When a Story is an Ad on WCCO News

Here is a sample of the comments on a story Bill Hudson did for Channel 4 regarding a paid credit score analyzing service:

annmartina
This is news? Seems more like a free ad for this service

jwahlberg
Agreed with annamartina – this is what I call “rip-off journalism.”

dan
This is basically an ad for a credit repair service- A real story would explain the mechanics of the credit score- and explain the only “quick fix” is to lower the debt to credit ratio, and not be bait for the “service”. The other quick fix- the “authorized user” loophole has been closed. Clearly this is an ad.

B
As a loan officer I can tell you this is simply an ad. You should never have to pay anyone to improve your credit score. Simply make your payments on time, never advance up to your limit, and try to keep the debt you carry on those cards no more than 50% of your limit. Managing your finances is in no way rocket science, it’s basic common sense.

What if Bill Hudson had asked the mortgage broker what are the three most common things people could do to improve their credit score? You know, provide some value to viewers rather than turning the newscast into an infomercial. Is there a reason he didn’t? Would that have basically given away everything that the people selling this services are attempting to charge people to tell them?

I hope WCCO was paid well for this ad.

8 thoughts on “When a Story is an Ad on WCCO News”

  1. Jason, that’s a good point. It’s too bad the story didn’t actually educate people on what these companies are doing. Are they doing things people could do for themselves? If so, giving a hint of that might provide value to viewers. Are they doing something illegal? Beats me. The story didn’t get into anything other that saying that a company is willing to take your money based on an unsubstantiated promise. Is this something that applies to everyone? Also not explained.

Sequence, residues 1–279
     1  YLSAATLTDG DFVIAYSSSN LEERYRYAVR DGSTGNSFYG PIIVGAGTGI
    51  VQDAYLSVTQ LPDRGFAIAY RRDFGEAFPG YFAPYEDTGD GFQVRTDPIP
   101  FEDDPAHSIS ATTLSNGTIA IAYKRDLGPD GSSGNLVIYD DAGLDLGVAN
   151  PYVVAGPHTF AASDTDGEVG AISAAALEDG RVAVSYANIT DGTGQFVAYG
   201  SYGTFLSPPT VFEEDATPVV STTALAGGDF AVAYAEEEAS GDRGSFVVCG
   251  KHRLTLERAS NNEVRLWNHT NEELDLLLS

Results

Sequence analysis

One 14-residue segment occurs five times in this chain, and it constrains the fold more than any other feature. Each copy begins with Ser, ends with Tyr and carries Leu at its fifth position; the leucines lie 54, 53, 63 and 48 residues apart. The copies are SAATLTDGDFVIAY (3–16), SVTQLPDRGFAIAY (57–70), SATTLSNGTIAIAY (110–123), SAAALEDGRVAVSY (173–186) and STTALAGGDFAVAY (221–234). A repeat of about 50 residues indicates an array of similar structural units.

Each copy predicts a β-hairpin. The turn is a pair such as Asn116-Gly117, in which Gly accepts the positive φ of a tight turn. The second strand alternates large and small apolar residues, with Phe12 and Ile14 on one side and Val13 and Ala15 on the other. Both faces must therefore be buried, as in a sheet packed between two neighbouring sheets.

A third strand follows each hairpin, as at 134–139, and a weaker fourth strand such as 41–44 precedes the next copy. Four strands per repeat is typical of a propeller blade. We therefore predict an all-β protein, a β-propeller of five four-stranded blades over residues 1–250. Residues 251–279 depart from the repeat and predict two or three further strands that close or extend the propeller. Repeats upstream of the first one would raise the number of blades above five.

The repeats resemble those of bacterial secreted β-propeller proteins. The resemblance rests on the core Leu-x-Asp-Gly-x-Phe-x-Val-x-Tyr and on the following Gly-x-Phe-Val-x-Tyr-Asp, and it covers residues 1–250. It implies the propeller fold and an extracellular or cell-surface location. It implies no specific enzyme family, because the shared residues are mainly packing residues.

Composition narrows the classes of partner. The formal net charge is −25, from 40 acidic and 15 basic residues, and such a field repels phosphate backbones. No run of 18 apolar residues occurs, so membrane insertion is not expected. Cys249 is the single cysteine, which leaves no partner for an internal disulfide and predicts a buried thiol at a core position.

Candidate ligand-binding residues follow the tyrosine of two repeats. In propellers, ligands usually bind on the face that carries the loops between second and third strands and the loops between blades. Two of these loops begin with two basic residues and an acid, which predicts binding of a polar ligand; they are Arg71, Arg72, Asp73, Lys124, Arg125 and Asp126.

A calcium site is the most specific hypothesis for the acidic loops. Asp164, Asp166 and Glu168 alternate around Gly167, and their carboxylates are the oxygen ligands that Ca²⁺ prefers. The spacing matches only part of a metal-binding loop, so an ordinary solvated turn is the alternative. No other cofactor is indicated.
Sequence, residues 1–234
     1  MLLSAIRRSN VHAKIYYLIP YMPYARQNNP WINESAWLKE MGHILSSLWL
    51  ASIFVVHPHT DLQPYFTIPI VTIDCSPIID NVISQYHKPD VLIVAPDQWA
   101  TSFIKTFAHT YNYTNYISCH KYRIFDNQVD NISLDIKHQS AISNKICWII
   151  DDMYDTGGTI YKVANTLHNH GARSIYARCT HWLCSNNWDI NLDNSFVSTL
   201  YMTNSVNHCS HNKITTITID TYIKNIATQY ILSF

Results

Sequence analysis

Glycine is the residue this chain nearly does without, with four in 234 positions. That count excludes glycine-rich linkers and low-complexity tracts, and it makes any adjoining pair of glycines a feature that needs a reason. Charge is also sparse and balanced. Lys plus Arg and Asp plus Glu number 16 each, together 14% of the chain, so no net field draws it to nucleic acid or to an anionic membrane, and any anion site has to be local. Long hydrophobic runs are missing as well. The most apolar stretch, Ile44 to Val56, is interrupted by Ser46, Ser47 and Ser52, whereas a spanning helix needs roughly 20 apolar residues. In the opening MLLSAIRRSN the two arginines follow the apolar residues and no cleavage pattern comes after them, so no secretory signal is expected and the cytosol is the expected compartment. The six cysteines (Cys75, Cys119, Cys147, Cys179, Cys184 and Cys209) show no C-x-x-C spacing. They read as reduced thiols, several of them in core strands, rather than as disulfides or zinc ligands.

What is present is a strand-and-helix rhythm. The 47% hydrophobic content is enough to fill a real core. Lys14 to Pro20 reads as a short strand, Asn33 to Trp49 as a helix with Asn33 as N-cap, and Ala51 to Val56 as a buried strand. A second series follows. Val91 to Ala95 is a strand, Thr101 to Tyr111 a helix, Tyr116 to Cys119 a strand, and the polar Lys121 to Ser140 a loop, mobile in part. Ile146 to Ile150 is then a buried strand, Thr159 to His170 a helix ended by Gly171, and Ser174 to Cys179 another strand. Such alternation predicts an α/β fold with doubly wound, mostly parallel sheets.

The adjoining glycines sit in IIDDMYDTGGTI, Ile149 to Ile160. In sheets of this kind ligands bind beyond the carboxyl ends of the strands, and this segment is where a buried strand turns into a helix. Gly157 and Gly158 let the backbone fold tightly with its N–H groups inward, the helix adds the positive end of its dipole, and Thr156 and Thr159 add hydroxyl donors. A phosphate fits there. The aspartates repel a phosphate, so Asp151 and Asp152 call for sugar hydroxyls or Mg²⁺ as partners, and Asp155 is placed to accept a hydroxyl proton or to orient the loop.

If Hudson had included a testimonial from someone who’d been through the service and said that they got their money’s worth, it would make more sense to me. Even if the thing someone found out was something they could have done themselves very easily, it’s certainly true that people are willing to pay to have the obvious done for them, and there is nothing wrong with that.

    Or, he could have explained what this is really all about. A quick Googling for the term helped me figure out that the only way you’re going to see an improvement in your credit score through a service like this is if you have an inaccurate piece of data on your credit report. You can run your credit reports for free. If everything is accurate, you have no negative issues that can be easily corrected. And, if you do find a piece of inaccurate information, there is no need to go through a broker unless you have short term needs to correct what you can otherwise correct yourself by contacting the reporting agencies yourself. But, I suppose that type of advice wouldn’t make the phone ring to the same degree for the mortgage brokers offering the occasionally valuable service.

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  3. I personally have done many stories on the mechanics of credit scores and the things you can do to fix them. Learning that you could pay someone to make a significant difference in the period of two weeks was new to me – and news, I’d argue.

    Certainly the long term strategies for fixing your credit score are as stated above – but “paying your bills on time” isn’t going to do much for you in two weeks, right? Unless that’s what these services suggest you do, in which case they are a rip.

  4. As I recall the TV story, there were three things mentioned that these companies do to manipulate your score: increasing credit limit on a credit card (which reduces your debt to credit ratio) was one of them.

    But your point is well-taken. An impartial expert would have helped the story.

  5. So did WCCO get paid by Rapid Credit Re-Score or not? If they did, then this is not news. It is an ad.

  6. Dan, I don’t think WCCO gets paid for this sort of thing. It’s more of a cheap, fast, and easy filler story to place between ads based on a PR pitch from a company or industry that buys TV ads.

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